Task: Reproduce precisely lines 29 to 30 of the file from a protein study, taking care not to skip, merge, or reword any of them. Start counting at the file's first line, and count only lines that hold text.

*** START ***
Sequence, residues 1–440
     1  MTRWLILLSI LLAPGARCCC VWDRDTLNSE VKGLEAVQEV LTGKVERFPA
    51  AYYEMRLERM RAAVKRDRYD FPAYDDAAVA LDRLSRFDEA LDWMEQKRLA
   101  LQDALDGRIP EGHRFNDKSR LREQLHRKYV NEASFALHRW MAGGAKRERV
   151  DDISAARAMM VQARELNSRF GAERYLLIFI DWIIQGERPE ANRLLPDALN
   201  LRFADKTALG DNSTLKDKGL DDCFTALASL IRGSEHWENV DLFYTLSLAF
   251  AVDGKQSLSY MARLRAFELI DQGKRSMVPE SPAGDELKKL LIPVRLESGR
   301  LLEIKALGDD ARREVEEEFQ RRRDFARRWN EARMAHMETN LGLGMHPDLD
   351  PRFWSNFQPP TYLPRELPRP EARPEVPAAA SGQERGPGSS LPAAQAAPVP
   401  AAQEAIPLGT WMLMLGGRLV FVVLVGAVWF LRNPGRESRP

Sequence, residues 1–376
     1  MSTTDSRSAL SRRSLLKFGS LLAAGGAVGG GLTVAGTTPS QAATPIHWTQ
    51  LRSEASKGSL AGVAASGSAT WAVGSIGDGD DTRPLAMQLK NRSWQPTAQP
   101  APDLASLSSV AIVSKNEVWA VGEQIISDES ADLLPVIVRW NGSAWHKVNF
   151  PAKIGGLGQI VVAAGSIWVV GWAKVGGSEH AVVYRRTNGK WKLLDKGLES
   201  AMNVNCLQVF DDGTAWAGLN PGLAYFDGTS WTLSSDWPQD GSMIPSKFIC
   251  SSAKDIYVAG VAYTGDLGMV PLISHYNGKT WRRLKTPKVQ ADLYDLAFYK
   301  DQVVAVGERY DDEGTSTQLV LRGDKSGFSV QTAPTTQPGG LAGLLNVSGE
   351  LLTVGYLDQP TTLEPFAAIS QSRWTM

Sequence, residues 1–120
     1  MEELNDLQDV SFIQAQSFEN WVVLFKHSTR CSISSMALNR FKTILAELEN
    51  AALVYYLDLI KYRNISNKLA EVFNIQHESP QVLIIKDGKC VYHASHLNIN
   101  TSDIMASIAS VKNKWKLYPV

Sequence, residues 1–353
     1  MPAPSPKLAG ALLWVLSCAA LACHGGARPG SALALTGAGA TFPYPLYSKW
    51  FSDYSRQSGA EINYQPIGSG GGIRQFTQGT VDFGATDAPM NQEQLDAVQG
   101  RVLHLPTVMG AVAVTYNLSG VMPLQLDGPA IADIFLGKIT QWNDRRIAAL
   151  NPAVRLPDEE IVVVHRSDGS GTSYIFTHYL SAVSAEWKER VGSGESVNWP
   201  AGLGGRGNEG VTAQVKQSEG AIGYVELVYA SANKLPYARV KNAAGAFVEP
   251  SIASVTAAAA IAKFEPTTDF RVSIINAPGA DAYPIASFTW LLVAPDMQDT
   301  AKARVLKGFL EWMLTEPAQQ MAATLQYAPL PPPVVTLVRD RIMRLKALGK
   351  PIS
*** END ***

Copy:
   201  AGLGGRGNEG VTAQVKQSEG AIGYVELVYA SANKLPYARV KNAAGAFVEP
   251  SIASVTAAAA IAKFEPTTDF RVSIINAPGA DAYPIASFTW LLVAPDMQDT